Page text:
Everyone has their own story; a compilation of vivid experiences or abstract moments that make us who we are. But what happens when thousands of stories are compiled into one accessible archive? The creation of one of the largest oral history projects in America has begun.
StoryCorps, created in 2003, has already collected 50,000 interviews that are preserved at the American Folklife Center at the Library of Congress. According to the StoryCorps website, the organization collects stories to “remind one another of our shared humanity, strengthen and build the connections between people, teach the value of listening, and weave into the fabric of our culture the understanding that every life matters.”
Participants can choose how to record their experiences in three ways. Folks can record an interview in a StoryBooth, which are located in Atlanta, Chicago and San Francisco. They can also choose to record themselves with help from StoryCorps’ “Do-It-Yourself Instruction Guide” (but note that these recordings cannot be archived at the Library of Congress.) Organizations, celebrations or those who can’t travel to a StoryBooth, can schedule an appointment for a “Door-to-Door” interview, where professionals come to a house and personally record an experience.
After the recorded conversation, StoryCorps presents participants with a CD of their experience.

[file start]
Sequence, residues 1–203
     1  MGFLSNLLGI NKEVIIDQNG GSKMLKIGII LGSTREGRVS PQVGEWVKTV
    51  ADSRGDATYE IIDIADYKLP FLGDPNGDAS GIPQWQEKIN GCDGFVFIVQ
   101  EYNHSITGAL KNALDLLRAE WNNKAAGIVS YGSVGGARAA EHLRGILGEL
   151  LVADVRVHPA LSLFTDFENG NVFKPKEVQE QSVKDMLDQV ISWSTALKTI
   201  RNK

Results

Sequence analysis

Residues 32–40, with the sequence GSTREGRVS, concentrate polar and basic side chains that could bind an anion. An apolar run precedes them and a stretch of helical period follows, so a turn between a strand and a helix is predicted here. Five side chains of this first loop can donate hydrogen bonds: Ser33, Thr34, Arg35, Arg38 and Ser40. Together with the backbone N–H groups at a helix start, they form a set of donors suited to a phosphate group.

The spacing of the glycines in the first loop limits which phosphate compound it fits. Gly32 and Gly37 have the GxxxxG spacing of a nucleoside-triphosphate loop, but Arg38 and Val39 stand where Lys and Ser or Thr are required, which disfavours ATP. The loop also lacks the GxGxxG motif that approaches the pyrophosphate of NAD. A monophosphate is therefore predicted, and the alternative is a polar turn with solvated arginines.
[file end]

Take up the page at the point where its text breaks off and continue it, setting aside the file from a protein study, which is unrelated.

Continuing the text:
Although it’s possible to record with one person, StoryCorps asks participants to bring another person to interview. Participants can interview a best friend, family member, a stranger or simply a person they’d like to know more about. If the interviewee gets stuck on a topic, a StoryCorps facilitator will help the conversation get back on track or come up with fresh ideas.
Here at FunderHut, we’re all about community, so we were especially excited when we saw that StoryCorps provides ideas on how to get the community involved! Hosting a story gathering party and scheduling a Door-to-Door service or taking family members to a StoryBooth is a unique way of understanding, documenting and strengthening communal bonds.
This interview, turned into an animated short, describes the start of a loving relationship and what happens when an illness disrupts the couple’s “ever after.” Warning: a box of tissues is needed.
On the day after Thanksgiving, StoryCorps asks Americans to celebrate National Day of Listening by interviewing a loved one. Who will you choose to share your story with?